If you’ve never visited or researched Catalina before, you may think it’s a small, uninhabited island off the coast of Los Angeles. Standing at the shore of Long Beach or San Pedro you can barely see the silhouette on the horizon. Not knowing any friends who’ve been there, I thought it was something you could see in a morning and then move on, I was very wrong.
Truth is, Catalina is one of California’s hidden gems and it’s only accessible by cruise, ferry, helicopter, or personal boat. There are two main cities on either side of the 75 square mile island and between them an estimated 5,000 people call it home. The local population is made up of retirees who enjoy the sea breeze and quiet nights and hard working individuals who help their thriving tourism industry.
After ferrying across the Pacific early in the morning, we joined over one million people to visit this year. We decided to travel to Two Harbors, a much smaller town made up of only 10% of the island's population. This is known to be a nature lover’s choice instead of the busy, tourist filled shopping paradise that is Avalon on the other side of the island.
The Beauty of Simplicity: Two Harbors, Catalina
After docking we quickly understood the nook that was Two Harbors. This area was sat in a narrow part of the island with a harbor on either side and in between them was one restaurant, a general store, a school, a set of public restrooms, a small B&B or two, and a handful of houses to give shelter to the 150 souls that live there. What existed around this town was a hikers/campers Valhalla.
“Hills” may be a bit of an understatement, but the way that the mountains hugging two harbors roll into each other seems too beautiful and symbiotic to be referred to as mountains. They burst forth on either side of the village and seem endless. When taking the path right from the dock through the beach and up the hillside you will come upon a fork in the road that will either climb the peak or sneak around the side to a well hidden yacht club not visible from the rest of the island.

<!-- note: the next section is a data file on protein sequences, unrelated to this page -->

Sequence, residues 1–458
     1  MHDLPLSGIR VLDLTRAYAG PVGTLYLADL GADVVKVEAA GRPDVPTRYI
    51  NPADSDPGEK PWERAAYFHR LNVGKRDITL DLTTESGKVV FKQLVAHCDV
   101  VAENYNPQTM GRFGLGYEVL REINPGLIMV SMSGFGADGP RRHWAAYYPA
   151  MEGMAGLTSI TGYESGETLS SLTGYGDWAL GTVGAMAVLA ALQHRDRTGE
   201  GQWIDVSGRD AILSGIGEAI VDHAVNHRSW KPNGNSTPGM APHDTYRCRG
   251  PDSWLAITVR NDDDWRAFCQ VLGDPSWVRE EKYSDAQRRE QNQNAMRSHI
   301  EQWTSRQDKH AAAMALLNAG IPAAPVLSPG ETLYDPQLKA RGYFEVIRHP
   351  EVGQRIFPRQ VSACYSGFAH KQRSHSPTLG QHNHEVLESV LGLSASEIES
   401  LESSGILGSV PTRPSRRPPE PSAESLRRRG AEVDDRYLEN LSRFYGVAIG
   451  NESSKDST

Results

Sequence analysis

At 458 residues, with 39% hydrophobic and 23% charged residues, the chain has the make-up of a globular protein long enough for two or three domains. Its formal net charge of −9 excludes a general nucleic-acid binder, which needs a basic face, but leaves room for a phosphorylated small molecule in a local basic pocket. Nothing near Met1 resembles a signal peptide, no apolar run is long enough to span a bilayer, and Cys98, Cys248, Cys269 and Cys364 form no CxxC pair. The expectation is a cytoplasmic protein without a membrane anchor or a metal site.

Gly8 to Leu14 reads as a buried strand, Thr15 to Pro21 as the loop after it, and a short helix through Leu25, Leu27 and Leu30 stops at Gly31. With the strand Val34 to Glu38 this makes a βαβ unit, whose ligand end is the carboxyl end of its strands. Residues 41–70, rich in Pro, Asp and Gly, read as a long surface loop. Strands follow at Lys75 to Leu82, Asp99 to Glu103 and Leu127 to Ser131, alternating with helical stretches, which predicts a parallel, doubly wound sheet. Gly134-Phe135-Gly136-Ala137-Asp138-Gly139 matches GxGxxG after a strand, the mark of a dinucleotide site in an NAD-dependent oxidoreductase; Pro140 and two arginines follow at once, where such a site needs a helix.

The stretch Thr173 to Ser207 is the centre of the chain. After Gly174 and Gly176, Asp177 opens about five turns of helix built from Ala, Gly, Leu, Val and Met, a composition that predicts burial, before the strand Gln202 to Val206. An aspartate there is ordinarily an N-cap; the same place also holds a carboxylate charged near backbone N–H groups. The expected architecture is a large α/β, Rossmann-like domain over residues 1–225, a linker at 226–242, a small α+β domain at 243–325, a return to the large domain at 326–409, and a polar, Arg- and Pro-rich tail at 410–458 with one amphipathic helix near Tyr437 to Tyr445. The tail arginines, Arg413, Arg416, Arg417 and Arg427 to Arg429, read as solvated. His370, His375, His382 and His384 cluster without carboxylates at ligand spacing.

These hills are absolutely breathtaking and made us think of Lord of the Rings or any other adventure movie you generally lead to. It’s no wonder campers take to them for weeks at a time, there are so many peaks to climb and so many views to be had. The trails are; however, poorly marked and the maps you can get from local shops barely help, but with perseverance you can find the best view in Catalina atop a hill, swinging in a hammock, under a beautiful tree canopy.
Since it was one of our birthdays, the local snorkel/scuba shop gave us a two-for-one deal on snorkeling gear and we took to the water. I don’t do well with cold water at all, but I sucked it up and plunged into the harbor anyways. What lay beneath was beautiful sea life as far as you can see. Small fishes swim around you in the barnacled, coral filled rocks in the harbor. Large schools of fish and eels dance like cat and mouse under the pier. Monstrous rays effortless float about minding their own business, one of the seas most beautiful creatures. This was all accessible by snorkel, I can only imagine what awaits in the deeper waters for those who scuba.
When visiting any sort of island or waterfront city, always bring your Helix Towel to keep you dry and warm on your adventure!
Always Be Adventuring